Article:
English and European champions Saracens have accepted their punishment of a 35-point deduction and fine of more than £5million over breaches of salary cap rules.


Here, the PA news agency seeks answers to the burning questions around the case.

Why is there a salary cap and how big is it?

Premiership Rugby, which manages the top league in the English club game, introduced the salary cap in 1999 with the twin aims of ensuring a level playing field and maintaining a competitive, growing and financially sustainable league, ie: preventing the clubs from the pitfalls of over-spending.

The cap was increased from £6.5m to £7m ahead of the 2017-18 season and will remain at this level until the end of the 2019-20 season. The ceiling includes dispensation for academy and injured players and effectively raises the possible spend to around £9m.

What exactly have Saracens done?

Premiership Rugby responded to allegations of a salary cap breach by carrying out an investigation which took nine months. An independent panel was then appointed in June by dispute service, Sport Resolutions, and earlier this month it ruled that Saracens failed to disclose payments to players in each of the last three seasons. It concluded that the club also exceeded the ceiling for payments to senior players in that time.


No details have been revealed on the size of the undisclosed payments or the recipients but Premiership Rugby’s investigations were thought to have centred around owner Nigel Wray’s involvements in companies such as VunProp Ltd (Mako and Billy Vunipola), Faz Investments Ltd (Owen Farrell), Wiggy9 Ltd (Richard Wigglesworth) and MN Property Solutions Ltd (Maro Itoje).

Wray in the past argued that ‘investment is not salary’ and likened the arrangements to his public support of coffee and brewing companies set up by players.

A Saracens statement issued when the allegations came to light said: “A professional playing career in rugby can be short. We have a responsibility to help our players fulfil their potential, not just on the pitch but off it too.”


How does the punishment compare with any previous breaches?

For years there have been rumours of clubs breaking the cap in a big way – in 2015 eight of the top-flight clubs took the unusual step of publicly announcing they had not been investigated for potential breaches – but nothing was proven until now.

In February, Harlequins were fined £6,239.50 after exceeding the Premiership’s salary cap in the 2017-18 season. They were £12,479 over the £7m limit but Premiership Rugby said there was no suggestion the breach was deliberate and the club were docked 50p per £1 overspent in accordance with competition regulations.

Why have Saracens decided against an appeal?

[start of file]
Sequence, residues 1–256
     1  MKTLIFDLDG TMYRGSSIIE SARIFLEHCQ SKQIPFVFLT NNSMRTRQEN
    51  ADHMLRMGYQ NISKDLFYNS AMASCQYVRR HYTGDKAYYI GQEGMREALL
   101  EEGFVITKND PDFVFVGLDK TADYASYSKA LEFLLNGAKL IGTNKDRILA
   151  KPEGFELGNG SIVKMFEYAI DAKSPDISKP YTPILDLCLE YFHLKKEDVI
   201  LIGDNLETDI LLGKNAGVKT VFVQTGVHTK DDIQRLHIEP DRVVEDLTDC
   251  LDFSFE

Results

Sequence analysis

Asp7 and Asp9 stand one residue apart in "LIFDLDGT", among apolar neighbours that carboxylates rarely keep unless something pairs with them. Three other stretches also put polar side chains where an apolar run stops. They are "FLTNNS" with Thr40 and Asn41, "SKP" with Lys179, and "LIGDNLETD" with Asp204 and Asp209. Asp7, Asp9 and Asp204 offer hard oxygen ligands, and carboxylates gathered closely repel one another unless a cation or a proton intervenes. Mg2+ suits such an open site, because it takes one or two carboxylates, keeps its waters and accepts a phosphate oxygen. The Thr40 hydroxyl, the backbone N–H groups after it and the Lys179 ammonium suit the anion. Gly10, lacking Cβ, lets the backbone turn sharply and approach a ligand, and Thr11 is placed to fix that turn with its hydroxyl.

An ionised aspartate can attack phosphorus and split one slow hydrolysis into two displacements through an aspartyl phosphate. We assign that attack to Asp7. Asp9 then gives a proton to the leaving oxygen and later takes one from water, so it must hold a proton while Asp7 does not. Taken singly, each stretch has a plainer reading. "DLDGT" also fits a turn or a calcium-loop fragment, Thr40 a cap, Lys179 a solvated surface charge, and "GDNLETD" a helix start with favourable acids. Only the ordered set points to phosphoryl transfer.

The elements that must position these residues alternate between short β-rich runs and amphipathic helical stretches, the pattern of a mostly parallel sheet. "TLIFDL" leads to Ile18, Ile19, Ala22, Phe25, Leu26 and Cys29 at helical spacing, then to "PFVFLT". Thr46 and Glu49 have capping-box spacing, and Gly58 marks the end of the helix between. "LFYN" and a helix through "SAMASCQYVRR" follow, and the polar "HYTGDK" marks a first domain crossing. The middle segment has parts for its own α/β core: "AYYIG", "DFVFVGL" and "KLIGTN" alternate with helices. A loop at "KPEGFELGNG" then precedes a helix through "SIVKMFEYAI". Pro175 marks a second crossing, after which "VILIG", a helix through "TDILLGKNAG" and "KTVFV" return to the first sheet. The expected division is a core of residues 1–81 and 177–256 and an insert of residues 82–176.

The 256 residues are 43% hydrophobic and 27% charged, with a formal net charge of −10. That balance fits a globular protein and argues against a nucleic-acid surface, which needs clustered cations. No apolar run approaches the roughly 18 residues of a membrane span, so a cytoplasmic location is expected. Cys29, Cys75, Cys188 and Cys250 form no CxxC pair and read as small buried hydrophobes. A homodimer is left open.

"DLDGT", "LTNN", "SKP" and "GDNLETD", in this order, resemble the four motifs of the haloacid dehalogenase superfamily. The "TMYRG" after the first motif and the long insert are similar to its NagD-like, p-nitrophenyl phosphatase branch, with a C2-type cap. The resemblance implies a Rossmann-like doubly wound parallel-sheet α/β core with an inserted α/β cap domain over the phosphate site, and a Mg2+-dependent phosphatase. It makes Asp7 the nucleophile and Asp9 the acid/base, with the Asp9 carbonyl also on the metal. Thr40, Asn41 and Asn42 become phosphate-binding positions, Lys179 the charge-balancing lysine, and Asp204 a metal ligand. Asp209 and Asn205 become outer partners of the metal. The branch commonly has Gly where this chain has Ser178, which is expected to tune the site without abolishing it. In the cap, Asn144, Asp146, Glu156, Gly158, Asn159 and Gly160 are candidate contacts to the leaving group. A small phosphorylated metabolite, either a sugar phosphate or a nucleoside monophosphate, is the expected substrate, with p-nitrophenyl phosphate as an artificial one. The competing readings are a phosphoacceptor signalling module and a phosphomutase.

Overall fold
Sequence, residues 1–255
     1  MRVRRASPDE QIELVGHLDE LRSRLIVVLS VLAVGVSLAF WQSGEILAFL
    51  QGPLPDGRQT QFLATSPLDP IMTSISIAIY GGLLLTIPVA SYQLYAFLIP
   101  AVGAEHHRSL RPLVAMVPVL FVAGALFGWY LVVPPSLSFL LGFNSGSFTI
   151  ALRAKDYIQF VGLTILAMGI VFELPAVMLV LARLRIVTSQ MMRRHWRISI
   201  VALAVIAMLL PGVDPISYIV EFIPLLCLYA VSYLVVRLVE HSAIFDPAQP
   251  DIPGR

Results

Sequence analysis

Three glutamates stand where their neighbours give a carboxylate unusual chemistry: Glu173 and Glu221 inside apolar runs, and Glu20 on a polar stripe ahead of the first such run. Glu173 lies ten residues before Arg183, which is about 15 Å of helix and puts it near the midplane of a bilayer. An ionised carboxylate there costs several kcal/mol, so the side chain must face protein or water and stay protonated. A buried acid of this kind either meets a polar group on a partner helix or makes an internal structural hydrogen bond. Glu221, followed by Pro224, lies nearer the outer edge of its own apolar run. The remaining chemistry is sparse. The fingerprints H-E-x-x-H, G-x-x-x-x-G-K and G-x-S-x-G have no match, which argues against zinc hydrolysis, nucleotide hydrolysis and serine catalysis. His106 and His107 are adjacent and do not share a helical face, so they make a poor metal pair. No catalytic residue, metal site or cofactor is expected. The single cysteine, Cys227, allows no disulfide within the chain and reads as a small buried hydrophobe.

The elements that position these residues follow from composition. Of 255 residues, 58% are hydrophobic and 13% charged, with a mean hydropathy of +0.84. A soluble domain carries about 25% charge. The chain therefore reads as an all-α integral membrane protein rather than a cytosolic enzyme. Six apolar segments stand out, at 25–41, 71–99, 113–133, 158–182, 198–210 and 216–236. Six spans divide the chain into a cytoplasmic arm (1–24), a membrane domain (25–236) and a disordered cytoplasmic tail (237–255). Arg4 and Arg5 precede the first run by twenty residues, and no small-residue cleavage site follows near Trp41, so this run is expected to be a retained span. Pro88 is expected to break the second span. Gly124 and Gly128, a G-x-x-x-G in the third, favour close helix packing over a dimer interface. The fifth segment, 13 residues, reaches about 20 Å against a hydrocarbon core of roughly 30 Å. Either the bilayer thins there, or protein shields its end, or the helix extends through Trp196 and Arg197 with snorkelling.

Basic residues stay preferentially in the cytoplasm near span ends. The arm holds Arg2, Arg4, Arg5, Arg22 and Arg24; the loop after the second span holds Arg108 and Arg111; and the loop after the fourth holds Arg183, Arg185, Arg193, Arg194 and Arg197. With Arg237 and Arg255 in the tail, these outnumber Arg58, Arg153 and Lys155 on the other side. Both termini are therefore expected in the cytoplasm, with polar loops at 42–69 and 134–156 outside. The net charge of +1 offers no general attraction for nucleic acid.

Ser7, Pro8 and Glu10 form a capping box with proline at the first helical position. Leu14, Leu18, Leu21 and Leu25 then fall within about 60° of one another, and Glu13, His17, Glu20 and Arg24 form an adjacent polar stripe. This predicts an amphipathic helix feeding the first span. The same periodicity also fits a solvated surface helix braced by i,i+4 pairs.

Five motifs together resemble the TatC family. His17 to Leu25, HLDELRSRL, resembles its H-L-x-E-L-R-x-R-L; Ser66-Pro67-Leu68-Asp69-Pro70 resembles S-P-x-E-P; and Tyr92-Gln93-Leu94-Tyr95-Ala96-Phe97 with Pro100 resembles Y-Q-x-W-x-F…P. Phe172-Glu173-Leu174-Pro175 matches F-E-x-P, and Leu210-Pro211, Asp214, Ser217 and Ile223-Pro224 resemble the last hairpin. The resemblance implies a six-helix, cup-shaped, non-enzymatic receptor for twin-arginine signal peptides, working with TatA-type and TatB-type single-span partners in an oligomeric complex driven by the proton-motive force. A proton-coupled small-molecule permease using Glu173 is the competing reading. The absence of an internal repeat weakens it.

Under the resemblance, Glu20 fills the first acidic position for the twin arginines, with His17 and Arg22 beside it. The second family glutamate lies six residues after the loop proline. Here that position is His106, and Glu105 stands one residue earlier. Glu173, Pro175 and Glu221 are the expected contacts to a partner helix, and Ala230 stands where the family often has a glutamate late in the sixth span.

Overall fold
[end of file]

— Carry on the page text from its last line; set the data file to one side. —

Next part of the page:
In a statement on Monday, Wray accepted that the club should have acted differently in relation to the arrangements between himself and the players.

“Any review or further appeal would be a costly, time consuming and destabilising exercise and so for the good of the game, the Premiership and this wonderful club and all its great people, a club which I have loved and served for 25 years, we have decided not to appeal but to take our punishment and hopefully soon put this behind us.


“I recognise that the arrangements between myself and players, made in good faith, which comprise the material element of the charges, should have been brought to the attention of the salary cap manager for consultation prior to entering into them.

“As chairman, I must take full responsibility for the arrangements that led to this outcome. It is important to stress that our excellent coaching staff were not involved in these issues in any way.”

What now for Saracens?

The sanctions do not affect any of the club’s past titles and Saracens, who now sit 26 points adrift of Leicester at the foot of the Premiership table after four matches, insist they will not be forced to sell players as a result of the ruling.

“We can confirm that we are complying strictly with the salary cap regulations in the current season and will continue to work transparently with Premiership Rugby in this regard,” added Wray’s statement.

“We will shortly introduce robust independent governance measures acceptable to all, including the appointment to the Saracens board of a director who will oversee a new governance regime. I will continue as always to support the club financially going forwards to ensure there is no financial instability or uncertainty.”

In conclusion, Wray said: “Perhaps we have done the wrong thing for the right reasons, but we must now draw a line and come together as Saracens to fully support our players, our coaches and our hard-working staff.”

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